Friday, 3 July 2009 11:04 AM

Cow Disease Hits Fiji

Some sections of Fiji's cattle industry are being threatened by the re-emergence of Brucellosis, a bacterial disease found in the reproductive tracts of animals but which can be contracted by humans.

According to Fiji Times Online, the disease, which had been dormant for 10 years, has re-emerged in cows in one of Fiji's provinces, Tailevu North, forcing authorities to place a quarantine over the area.
The brucella abortus is the bacteria in cattle that causes brucellosis.

According to the Ministry of Primary Industries, the quarantine has been in place since June 16, with the monitoring of all movement in the area and calls for the disinfection of all vehicles leaving Wainivesi Road. The ministry said tests were conducted on 2464 cows on 10 farms in Wainivesi, with 244 testing positive for the brucella abortus.

"We have started slaughtering infected cows," said MPI veterinarian Dr Robin Achari. "We're advising people not to panic and for farmers to report to us if they have a sick cow."

The first sign a cow is suffering from brucellosis would be if it has aborted.

Dr Achari said great care should be taken in such circumstances.

"We advise those farm workers not to touch the calves or clean the cows because that is one way the bacteria can infect humans," Dr Achari said.

"People should also refrain from drinking raw milk until we give the clearance."


Fiji first experienced an outbreak of brucellosis in 1983 to 1986 and managed to eradicate it in 1989, according to Fiji Times Online.
The authorities are working hard to contain the disease and prevent it from spreading to other farms in the country and are into the second phase of testing and slaughtering of affected animals and quarantining stock and vehicles moving out from the affected area.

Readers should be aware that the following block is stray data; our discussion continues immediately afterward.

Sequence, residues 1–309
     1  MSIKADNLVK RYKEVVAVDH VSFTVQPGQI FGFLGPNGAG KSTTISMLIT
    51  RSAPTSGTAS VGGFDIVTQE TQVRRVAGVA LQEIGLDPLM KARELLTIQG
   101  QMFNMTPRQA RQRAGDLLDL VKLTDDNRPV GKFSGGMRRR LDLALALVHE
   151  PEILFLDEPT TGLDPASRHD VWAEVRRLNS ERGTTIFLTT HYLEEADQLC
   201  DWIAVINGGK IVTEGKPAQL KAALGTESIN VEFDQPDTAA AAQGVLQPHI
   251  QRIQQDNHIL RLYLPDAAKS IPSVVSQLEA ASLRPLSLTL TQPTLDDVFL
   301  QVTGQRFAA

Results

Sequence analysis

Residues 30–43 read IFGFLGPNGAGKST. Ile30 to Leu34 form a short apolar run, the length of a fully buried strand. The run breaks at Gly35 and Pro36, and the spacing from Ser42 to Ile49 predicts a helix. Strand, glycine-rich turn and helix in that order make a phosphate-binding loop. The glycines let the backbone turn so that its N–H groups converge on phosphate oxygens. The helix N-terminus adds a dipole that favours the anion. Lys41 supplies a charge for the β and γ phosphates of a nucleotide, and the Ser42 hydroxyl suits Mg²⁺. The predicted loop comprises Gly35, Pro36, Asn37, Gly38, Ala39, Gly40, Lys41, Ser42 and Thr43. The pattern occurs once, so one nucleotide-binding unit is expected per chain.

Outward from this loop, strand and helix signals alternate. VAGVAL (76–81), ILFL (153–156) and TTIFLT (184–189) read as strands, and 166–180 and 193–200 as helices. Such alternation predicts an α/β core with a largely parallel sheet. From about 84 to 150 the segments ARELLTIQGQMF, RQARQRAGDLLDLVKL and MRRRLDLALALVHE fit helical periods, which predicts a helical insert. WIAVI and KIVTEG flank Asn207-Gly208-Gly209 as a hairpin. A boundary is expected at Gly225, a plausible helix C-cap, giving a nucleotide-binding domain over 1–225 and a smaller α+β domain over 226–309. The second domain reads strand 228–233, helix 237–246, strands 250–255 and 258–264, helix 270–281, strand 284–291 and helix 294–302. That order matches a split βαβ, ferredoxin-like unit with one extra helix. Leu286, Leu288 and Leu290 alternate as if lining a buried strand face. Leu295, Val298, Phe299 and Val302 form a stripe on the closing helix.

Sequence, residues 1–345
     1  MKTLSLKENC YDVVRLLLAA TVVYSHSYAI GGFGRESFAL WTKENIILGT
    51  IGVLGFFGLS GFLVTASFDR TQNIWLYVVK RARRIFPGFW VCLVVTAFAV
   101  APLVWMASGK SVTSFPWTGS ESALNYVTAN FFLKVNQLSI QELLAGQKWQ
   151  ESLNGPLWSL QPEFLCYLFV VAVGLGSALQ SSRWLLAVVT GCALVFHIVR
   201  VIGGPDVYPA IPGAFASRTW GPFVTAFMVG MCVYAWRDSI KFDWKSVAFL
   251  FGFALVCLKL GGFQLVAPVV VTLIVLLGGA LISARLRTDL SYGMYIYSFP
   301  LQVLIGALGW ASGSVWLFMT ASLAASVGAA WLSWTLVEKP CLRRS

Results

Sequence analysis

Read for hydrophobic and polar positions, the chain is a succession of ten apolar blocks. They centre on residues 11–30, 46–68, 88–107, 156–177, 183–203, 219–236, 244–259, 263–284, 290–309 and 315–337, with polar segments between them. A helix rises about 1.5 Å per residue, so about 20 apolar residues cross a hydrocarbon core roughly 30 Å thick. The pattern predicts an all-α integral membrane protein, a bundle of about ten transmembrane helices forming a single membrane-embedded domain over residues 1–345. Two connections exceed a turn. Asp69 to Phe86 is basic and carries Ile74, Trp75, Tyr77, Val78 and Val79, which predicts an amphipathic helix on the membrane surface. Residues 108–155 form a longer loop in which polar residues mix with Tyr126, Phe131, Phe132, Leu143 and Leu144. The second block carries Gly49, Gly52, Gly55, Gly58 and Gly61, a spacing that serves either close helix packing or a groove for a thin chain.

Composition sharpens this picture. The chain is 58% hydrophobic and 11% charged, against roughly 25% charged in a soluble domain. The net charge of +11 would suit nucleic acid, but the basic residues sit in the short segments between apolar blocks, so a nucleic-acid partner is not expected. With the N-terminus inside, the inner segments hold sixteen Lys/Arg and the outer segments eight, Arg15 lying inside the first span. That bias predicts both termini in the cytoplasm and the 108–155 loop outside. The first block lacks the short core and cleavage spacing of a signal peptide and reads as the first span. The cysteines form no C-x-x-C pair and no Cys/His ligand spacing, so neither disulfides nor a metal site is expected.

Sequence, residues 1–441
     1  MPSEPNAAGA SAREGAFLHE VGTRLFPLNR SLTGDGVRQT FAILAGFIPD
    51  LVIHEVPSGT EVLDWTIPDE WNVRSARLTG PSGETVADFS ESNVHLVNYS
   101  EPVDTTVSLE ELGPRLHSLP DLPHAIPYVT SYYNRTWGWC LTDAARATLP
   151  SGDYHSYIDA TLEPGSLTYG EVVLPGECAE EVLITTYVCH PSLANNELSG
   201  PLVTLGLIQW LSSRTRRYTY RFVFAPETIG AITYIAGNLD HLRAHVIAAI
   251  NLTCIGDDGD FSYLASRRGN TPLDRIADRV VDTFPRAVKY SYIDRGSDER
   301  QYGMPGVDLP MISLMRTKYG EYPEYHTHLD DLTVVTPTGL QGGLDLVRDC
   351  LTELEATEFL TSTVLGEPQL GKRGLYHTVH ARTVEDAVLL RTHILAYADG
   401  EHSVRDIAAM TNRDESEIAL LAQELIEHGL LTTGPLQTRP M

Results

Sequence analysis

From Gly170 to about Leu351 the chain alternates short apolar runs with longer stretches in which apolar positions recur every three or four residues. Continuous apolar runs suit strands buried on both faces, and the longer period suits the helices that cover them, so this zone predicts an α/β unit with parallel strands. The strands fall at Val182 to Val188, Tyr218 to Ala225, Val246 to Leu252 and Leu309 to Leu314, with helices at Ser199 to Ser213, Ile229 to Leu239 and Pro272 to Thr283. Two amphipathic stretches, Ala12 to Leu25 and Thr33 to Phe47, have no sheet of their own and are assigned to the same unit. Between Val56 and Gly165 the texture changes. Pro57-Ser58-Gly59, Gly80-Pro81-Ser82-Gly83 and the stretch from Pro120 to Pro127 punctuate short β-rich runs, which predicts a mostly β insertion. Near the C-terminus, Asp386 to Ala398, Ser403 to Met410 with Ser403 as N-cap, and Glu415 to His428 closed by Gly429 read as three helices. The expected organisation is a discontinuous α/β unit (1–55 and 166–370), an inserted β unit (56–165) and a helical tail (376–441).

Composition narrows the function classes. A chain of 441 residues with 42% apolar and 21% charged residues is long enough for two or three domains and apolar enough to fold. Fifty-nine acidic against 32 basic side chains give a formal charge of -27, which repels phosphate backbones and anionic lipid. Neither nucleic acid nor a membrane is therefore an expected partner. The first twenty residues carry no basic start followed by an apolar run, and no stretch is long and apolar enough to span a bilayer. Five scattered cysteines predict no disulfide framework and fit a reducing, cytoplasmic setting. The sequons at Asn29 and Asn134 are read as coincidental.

According to Dr. Achari, the third phase of the operation would entail surveillance and monitoring which will take about two years and after the disease is being contained, then they can declare that their cows are free from the disease.

Meanwhile, milk suppliers in the affected area have been directed to stop supplying milk directly to clients until further notice as raw milk is known as a transmitting agent of brucellosis to humans, according to Dr. Achari.
The bacteria is not killed by boiling, only by pasteurization and unpasteurised milk is known to spread the disease to humans.

Fiji's main dairy company, Rewa Dairy, has assured that its milk and meat products are safe for consumption and according to the report, Dr. Achari has said that there is no need to panic.

However, those selling, buying and consuming raw milk, especially those who have their own milking cows, must boil milk for about 30 to 45 minutes as the core temperature of the milk must exceed 80 degrees Celsius to kill the bacteria.
Those supplying raw milk are urged to direct their products to Rewa Dairy to be pasteurized.

With regards to humans, according to the report by Fiji Times Online, 'there is a low possibility of human fatalities from Brucellosis but those infected will suffer from the disease for the rest of their lives if they are not treated soon'.

"Humans can get infected, particularly meat workers, abattoir workers and slaughtermen," said Dr Robin Achari.

"We are advising all farm workers, farm hands, livestock officers, to have their blood screened. The disease may have been circulating within our farming system for a while before we picked it up."


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